Practicing criminal law, attorneys often learn that the exceptions can be so bad, they swallow the rule.
When children are required to register as sex offenders for taking pictures of themselves and “sexting” with peers, child protection laws are no longer being used as they were intended. It is only with education and information that young people make good choices, not with the threat of being labeled a lifetime sex offender.
These laws do youth no service, nor provide them with any protection from harm.
Rethinking Sex Offender Laws for Youth Texting
By TAMAR LEWIN
Published: March 20, 2010
In Iowa, Jorge Canal is on the sex offenders registry because, at age 18, he was convicted of distributing obscene materials to a minor after he sent a picture of his penis by cellphone to a 14-year-old female friend who had requested it.
Jessica Kourkounis for The New York Times
The image of a scantily dressed Marissa Miller, 15, was spread among the cellphones of students in a Pennsylvania case.
In Florida, Phillip Alpert, then 18, was charged with distributing child pornography and put on the sex offenders registry because after a fight, he sent a photograph of his nude 16-year-old girlfriend by e-mail to dozens of people, including her parents.
In most states, teenagers who send or receive sexually explicit photographs by cellphone or computer – known as “sexting” – have risked felony child pornography charges and being listed on a sex offender registry for decades to come.
But there is growing consensus among lawyers and legislators that the child pornography laws are too blunt an instrument to deal with an adolescent cyberculture in which all kinds of sexual pictures circulate on sites like MySpace and Facebook.
Last year, Nebraska, Utah and Vermont changed their laws to reduce penalties for teenagers who engage in such activities, and this year, according to the National Council on State Legislatures, 14 more states are considering legislation that would treat young people who engage in sexting differently from adult pornographers and sexual predators.
And on Wednesday, the first federal appellate opinion in a sexting case recognized that a prosecutor had gone too far in trying to enforce adult moral standards.
The opinion upheld a block on a district attorney who threatened to bring child pornography charges against girls whose pictures showing themselves scantily dressed appeared on classmates’ cellphones.
“There’s a lot of confusion about how to regulate cellphones and sex and 16-year-olds,” said Amy Adler, a law professor at New York University. “We’re at this cultural shift, not only because of the technology, but because of what’s happening in terms of the representation of teen sexuality as you can see on ‘Gossip Girl.’ ”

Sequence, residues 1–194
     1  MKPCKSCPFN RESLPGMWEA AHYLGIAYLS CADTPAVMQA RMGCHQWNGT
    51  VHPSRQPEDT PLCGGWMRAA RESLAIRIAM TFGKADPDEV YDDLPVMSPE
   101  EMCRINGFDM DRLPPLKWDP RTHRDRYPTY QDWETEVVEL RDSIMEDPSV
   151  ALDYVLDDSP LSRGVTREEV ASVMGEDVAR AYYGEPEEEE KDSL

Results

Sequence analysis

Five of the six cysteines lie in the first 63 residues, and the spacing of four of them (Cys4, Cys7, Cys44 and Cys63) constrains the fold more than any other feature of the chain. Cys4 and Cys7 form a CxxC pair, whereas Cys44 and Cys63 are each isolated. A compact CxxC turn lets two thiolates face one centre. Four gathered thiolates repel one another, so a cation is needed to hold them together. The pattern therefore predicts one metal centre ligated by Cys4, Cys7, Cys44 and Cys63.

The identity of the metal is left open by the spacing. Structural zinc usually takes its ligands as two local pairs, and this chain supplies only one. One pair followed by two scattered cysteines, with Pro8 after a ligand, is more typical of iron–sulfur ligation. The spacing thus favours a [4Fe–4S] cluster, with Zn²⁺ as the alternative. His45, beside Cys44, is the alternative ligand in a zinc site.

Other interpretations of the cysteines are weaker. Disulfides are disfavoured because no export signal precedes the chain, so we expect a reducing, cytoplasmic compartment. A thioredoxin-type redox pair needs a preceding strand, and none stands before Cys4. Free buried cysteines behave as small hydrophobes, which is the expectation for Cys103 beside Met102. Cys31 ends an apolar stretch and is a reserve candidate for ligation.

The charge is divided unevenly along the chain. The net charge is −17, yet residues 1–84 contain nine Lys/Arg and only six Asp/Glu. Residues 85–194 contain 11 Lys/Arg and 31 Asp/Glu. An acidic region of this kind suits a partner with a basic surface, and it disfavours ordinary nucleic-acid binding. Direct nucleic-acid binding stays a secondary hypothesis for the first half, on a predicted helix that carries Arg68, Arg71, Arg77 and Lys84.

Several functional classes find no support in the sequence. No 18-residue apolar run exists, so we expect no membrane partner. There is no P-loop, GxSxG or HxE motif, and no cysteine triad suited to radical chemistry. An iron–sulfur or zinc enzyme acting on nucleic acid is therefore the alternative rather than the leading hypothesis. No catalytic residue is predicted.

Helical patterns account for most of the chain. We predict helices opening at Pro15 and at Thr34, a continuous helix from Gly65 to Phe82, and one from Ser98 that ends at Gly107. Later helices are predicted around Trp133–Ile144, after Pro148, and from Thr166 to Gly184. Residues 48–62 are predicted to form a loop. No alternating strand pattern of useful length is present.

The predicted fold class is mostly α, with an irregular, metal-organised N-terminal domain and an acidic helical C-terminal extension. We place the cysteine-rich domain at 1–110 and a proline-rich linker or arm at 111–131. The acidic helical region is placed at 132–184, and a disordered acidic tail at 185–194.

There are real risks that sexually explicit pictures, meant to be shared only with a friend or partner, will make their way into wide publication on the Internet and into the hands of sexual predators.
Last year, a 14-year-old New Jersey girl was arrested and charged with possession and distribution of child pornography after posting dozens of sexually explicit photographs of herself on MySpace.
Such cases, lawyers say, are far afield from what the child pornography laws were intended for. So, too, was the case of Mr. Canal, which was upheld last year by the Iowa Supreme Court.
Mr. Canal was 18 when he sent the picture of his erect penis to a 14-year-old schoolmate, along with another picture of his face, with the text “I love you” on it. The girl, identified only by her initials, thought she erased the image, but her parents found it and passed it to the police.
“The child pornography law was about protecting children from pedophiles,” Professor Adler said. “While sexting is bad judgment, it’s simply not what the Supreme Court had in mind when it crafted the child pornography law. It just doesn’t make sense that in a lot of the sexting situations, the pornographer and the victim are one and the same person.”
As a practical matter, young people are rarely, if ever, jailed under the child pornography laws for the practice.
Some of the 14 states considering legislation would make sexting a misdemeanor, while others would treat it like juvenile offenses like truancy or running away.
“Many jurisdictions are creating a separate offense for these situations,” said Mary Leary, a law professor at Catholic University. “They’re moving it to family or juvenile court. The more choices available to a prosecutor, including diverting the case entirely from the juvenile justice system, the better.”
She and many others believe that some criminal penalties should remain on the books.
Jesse Weins, chairman of the criminal justice department at Dakota Wesleyan University, said that because the legal code functioned as a guide to acceptable behavior, “there should be something there, even if oftentimes it doesn’t make sense to prosecute.”
But there are those who favor decriminalization.
“Generally this should be an education issue,” said Witold Walczak, legal director of the Pennsylvania American Civil Liberties Union. “No one disputes that sexting can have very bad consequences, and no parent wants kids sending out naked images. But if you’ve got thousands of kids engaging in this, are you going to criminalize all of them?”
One recent survey found that about one in five teenagers reported having engaged in sexting. Another found that almost half the boys in coed high schools had seen a picture depicting a female classmate nude.
There are two basic scenarios. In one, a teenager shares a nude picture, usually with a romantic partner. In the other, a partner, or more commonly an ex-partner, distributes the image.